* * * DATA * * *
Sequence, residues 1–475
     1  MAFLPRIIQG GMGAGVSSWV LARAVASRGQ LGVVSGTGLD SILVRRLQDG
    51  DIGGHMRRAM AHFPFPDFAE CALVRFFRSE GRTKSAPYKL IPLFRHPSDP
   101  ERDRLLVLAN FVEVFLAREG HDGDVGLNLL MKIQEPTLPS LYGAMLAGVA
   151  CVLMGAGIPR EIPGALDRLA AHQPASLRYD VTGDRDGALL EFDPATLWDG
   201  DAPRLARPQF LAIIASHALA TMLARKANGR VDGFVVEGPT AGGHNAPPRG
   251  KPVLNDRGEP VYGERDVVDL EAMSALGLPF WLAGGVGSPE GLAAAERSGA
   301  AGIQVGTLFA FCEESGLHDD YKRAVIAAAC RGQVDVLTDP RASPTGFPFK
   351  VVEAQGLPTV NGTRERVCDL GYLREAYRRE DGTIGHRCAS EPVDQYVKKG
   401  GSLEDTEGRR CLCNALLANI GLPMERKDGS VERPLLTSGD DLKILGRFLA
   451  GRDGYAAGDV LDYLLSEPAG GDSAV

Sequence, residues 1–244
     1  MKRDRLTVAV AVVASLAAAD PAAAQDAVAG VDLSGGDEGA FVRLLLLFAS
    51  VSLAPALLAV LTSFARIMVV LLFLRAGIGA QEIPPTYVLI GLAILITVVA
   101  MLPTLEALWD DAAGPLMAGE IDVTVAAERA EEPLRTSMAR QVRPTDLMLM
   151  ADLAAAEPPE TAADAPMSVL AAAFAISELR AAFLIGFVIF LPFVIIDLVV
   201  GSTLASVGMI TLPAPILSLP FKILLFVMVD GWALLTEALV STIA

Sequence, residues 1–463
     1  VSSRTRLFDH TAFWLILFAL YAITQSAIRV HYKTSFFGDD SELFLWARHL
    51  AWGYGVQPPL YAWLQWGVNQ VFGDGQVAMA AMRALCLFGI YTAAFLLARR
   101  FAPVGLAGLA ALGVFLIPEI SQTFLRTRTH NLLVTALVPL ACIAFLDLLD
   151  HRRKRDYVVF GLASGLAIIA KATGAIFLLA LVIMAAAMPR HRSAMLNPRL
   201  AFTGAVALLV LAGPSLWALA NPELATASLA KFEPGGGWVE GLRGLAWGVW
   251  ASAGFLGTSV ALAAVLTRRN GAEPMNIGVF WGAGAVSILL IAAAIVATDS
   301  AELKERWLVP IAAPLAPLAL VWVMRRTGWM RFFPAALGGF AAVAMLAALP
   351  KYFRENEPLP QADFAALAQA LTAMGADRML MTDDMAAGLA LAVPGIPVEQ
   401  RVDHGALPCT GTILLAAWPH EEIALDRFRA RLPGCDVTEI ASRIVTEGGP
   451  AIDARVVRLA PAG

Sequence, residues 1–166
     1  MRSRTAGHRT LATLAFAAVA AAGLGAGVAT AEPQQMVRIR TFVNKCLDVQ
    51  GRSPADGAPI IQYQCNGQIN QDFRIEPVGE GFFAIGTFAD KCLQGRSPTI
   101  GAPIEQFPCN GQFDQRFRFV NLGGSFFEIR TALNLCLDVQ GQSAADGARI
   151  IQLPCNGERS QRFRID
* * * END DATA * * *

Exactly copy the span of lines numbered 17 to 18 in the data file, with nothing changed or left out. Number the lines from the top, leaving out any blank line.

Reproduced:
   201  GSTLASVGMI TLPAPILSLP FKILLFVMVD GWALLTEALV STIA

Sequence, residues 1–463